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Singer-songwriter Andrew Bird prepares to get ‘brave’ at Emerge

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Andrew Bird
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In March, singer-songwriter and multi-instrumentalist Andrew Bird released his 15th studio album, aptly titled My Finest Work Yet.

He’s known for his virtuoso violin playing and whistling, echoed through a loop machine until it sounds like the sonic version of an infinity mirror. But Bird simplified things on this album: Each song can be played acoustically on a guitar, “like a traditional troubadour.”

The Weekly caught up with Bird to discuss his festival intentions, how perfect isn’t perfect and more.

What can we expect from you at Emerge?[I’ll be] performing solo, so that involves a bit of a high-wire act. Given that the theme is “brave,” I might take that to more extremes.

What does “brave” mean for Andrew Bird? [The] balance between mastering your craft and taking risks. To me, when I’m onstage, if I’m not risking anything, then I kind of think, “What’s the point?” A big part of the appeal of performing to me is the chance that I could completely embarrass myself. But I can play that game because I know what I’m doing. I know my instrument. But it’s kind of fun when things do go wrong to have to figure out a way out of it. In a sense, I’m saying to my old teachers: “Look, I’m failing, and it’s beautiful.”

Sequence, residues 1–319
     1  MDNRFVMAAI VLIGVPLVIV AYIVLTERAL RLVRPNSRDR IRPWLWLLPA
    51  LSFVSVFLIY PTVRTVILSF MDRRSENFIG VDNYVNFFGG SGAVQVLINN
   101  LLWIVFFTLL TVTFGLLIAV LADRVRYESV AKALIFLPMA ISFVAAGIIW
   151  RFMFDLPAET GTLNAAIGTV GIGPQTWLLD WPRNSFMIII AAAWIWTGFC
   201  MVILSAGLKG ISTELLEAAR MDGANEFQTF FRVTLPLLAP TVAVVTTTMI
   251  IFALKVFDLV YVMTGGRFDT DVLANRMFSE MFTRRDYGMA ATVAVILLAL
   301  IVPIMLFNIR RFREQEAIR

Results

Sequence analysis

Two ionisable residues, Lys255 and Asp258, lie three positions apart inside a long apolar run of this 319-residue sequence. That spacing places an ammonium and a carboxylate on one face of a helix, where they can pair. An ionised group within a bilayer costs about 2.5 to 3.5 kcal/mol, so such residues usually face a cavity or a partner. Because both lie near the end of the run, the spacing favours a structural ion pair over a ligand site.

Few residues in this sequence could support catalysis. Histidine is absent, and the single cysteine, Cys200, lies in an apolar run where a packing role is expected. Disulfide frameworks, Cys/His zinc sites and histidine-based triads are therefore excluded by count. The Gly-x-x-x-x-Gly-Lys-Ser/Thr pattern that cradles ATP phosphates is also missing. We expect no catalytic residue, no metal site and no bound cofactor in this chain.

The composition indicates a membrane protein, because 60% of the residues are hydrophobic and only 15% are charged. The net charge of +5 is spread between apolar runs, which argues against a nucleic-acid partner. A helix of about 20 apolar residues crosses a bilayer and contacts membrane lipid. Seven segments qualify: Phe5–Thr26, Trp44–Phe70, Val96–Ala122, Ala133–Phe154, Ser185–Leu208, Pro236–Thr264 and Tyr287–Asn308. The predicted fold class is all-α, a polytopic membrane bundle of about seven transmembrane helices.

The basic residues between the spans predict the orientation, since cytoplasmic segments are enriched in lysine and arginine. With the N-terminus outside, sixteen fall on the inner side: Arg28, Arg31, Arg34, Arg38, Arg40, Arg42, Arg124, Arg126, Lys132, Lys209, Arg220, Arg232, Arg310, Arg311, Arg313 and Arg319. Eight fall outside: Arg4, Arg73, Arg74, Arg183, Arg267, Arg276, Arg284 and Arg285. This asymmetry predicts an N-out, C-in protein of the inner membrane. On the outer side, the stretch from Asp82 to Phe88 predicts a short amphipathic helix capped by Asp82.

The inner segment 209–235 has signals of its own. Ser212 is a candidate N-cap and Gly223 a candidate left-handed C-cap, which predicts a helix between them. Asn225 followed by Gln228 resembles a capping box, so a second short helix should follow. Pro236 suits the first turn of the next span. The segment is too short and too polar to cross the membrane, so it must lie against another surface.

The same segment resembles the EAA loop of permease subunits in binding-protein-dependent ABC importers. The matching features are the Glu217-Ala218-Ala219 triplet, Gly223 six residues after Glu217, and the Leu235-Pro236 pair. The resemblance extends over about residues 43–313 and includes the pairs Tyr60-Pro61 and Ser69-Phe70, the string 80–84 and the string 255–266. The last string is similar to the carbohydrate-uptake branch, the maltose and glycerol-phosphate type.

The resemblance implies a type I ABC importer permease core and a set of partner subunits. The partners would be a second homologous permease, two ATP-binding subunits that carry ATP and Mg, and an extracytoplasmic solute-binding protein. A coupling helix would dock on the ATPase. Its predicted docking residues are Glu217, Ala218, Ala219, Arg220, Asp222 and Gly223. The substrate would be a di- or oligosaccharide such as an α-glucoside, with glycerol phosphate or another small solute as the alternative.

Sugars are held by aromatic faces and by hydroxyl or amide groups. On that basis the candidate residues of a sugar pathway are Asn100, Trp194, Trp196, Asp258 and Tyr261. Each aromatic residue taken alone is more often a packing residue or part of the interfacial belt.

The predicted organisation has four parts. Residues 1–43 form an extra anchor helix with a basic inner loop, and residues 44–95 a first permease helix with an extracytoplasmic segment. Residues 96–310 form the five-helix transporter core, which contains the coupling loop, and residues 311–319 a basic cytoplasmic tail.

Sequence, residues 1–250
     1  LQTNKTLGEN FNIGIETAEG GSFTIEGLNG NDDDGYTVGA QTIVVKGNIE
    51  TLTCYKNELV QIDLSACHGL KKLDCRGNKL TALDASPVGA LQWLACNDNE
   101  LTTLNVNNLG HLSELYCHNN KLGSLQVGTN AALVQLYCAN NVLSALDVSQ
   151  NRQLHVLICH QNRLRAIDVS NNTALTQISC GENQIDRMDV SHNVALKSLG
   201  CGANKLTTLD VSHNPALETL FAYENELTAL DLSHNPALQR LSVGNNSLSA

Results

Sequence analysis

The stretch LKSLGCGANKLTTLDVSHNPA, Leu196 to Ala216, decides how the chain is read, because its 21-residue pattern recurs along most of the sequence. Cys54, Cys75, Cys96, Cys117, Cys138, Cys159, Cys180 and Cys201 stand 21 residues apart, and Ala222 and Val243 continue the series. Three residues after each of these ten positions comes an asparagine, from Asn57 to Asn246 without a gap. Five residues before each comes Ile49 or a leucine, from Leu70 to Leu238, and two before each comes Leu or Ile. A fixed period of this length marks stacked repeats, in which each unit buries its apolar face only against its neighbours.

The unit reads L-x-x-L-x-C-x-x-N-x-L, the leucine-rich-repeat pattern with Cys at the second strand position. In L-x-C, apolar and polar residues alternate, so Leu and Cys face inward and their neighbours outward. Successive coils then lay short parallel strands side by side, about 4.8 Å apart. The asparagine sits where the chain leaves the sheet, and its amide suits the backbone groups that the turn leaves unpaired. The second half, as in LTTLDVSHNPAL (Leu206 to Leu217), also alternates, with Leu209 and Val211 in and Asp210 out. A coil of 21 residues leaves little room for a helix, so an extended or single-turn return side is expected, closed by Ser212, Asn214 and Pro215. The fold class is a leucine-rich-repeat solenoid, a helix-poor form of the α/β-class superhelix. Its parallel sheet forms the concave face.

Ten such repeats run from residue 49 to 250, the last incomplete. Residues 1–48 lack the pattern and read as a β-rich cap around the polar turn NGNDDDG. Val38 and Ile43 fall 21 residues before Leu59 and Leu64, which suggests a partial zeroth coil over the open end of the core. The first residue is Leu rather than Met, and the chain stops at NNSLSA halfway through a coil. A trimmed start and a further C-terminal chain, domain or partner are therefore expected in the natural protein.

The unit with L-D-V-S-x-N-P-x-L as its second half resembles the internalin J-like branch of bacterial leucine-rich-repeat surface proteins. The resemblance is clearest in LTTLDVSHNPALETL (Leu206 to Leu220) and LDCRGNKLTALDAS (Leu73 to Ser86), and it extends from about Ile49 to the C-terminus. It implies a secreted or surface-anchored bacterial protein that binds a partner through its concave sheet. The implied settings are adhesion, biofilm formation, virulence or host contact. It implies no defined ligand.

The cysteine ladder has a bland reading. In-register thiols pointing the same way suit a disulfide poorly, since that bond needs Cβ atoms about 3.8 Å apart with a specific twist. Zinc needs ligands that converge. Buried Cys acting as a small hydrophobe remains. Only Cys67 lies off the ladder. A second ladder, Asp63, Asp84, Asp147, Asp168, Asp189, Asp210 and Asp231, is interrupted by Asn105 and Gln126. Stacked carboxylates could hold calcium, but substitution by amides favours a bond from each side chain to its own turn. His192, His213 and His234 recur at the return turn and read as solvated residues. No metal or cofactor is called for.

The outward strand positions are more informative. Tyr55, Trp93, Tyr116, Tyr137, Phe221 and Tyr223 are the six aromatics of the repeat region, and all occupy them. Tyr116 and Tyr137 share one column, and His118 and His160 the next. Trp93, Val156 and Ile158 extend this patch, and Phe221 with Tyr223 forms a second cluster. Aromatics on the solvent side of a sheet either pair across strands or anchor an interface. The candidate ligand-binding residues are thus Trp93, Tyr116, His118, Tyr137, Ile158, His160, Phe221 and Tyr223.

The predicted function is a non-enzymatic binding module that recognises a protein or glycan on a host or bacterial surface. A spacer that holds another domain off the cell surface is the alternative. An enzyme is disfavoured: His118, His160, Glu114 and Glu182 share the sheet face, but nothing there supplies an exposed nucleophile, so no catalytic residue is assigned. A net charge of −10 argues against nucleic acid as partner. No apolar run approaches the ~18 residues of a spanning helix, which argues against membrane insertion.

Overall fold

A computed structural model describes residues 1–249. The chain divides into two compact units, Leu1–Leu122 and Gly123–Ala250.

You’ve so mastered your craft, it must be hard to fail. How do you even find that risk?It’s not hard to fail. There’s so many things you’re dealing with, like your mental state at that time you’re onstage. It’s different all the time … so I try to write songs that have this elasticity. But, yeah, when a show goes perfectly according to plan, I’m kind of disappointed.

A lot of times, what I’ll do in a set is each song will become increasingly more technically absurd and harder to do with the looping and several plates being spun at once. Then, if I get through that, I’m like, “Well, let’s unplug everything. Maybe the real risky thing is to just play guitar and sing my lyrics and not have any of that impressive technical stuff to fall back on. That’s the real risk.” That’s the way I tend to structure my sets, to get to this absurdly tricky stuff and then unplug everything and play acoustically. Whether I can create an arc with that in 30 minutes, I’m not sure. But we’ll see.

Your new album is called My Finest Work Yet. Is it indeed your finest work yet? Absolutely. I can’t say I’ve not had that feeling before on other records. That’s sort of the joke. But there was a sense of urgency with this material I haven’t felt before—a need to communicate, hopefully, something that could succeed in getting beyond the choir.

What brought on that sense of urgency? I think being alive in these times. After the 2016 election, there was a panic in the streets, and people were saying, “Why aren’t you doing something? You have a voice.” It took six months to figure out what language to use. Once I figured out how to write that line between poetry and directness, it then came quickly. That’s when the urgency started to pick up.

Andrew Bird Brave showcase, June 1, 6:30 p.m.

EMERGE May 31 & June 1, times vary, $199/weekend, $130/day, $25-$55/show. Hard Rock Hotel, emergelv.com.

Las Vegas Weekly is a partnering sponsor of Emerge 2019
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